Thursday, 2 December 2010

Hooray for miracles!

Happy first night of Hanukkah!  Let's remember the miracle of God multiplying the lamp oil in the temple while his worshipers were under siege.  God draws us to himself, and enables us to worship him, which is always a miracle.  Let there be light!  

I'd be lighting candles, but my menorah is in my other country. 

Wednesday, 1 December 2010

Do one thing every day that scares you

I've done my one thing that scares me today:  I tried out for a play!  "Twelve Angry Men" will be produced on the Fuller campus as "Twelve Angry Jurors"; it opens (and closes) in February.  I don't expect to get cast, but I figure I owed it to my students to experience the terror from their side, to increase my empathy.  Since I'm usually on the other side of the director's chair, I know exactly what was weak about my audition, so we'll see.  One on the directing team turns out to be the sister-in-law of a former Ukarumpa teacher, the famous Mr Shea.  All together now:  Small World.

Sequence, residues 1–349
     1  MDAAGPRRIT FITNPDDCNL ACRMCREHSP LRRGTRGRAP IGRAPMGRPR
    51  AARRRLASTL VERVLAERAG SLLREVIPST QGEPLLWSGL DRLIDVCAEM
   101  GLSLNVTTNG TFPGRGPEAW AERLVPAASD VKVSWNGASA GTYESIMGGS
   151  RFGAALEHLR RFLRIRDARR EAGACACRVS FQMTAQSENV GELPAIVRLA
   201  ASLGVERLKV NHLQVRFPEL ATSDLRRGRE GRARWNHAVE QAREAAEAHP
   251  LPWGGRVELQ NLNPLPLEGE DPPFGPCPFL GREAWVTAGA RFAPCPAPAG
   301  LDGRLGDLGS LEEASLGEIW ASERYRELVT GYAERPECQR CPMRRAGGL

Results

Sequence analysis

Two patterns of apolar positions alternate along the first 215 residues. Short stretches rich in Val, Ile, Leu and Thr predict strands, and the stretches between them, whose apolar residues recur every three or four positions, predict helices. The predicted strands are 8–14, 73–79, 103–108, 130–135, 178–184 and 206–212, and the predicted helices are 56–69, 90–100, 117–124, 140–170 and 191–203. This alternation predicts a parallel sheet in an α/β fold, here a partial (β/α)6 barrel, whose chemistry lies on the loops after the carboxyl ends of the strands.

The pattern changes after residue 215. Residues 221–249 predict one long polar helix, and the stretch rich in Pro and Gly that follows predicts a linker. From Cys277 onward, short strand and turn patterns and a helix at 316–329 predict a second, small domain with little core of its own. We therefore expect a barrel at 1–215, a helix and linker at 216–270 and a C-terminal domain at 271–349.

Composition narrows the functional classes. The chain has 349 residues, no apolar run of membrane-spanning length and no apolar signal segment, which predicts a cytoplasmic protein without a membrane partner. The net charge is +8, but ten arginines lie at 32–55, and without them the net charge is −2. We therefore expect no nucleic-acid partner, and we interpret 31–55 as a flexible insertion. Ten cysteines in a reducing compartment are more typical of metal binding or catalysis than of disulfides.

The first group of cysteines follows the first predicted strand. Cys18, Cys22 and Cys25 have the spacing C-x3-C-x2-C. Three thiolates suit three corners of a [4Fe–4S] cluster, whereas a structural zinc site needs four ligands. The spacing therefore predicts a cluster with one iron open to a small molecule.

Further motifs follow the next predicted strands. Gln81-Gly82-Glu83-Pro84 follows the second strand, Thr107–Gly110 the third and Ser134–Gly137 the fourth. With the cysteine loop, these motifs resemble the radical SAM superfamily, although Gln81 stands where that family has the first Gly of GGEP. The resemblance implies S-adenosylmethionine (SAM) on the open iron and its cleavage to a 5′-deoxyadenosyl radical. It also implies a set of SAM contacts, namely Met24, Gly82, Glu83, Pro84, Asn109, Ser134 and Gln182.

In other art news, I had a fabulous, serendipitous Saturday:  Christmas shopping with cousin Ge. in Chinatown, which serendipitously segued into dinner in Little Ethiopia with other intercultural studies students, which then turned into free tickets to a LA Philharmonic concert with cousin J. at Disney Concert Hall, a building I've been panting to visit for eons.  Wagner in the Disney!  Food!  Shopping!  Urban mish mash at it's greatest!! Great days.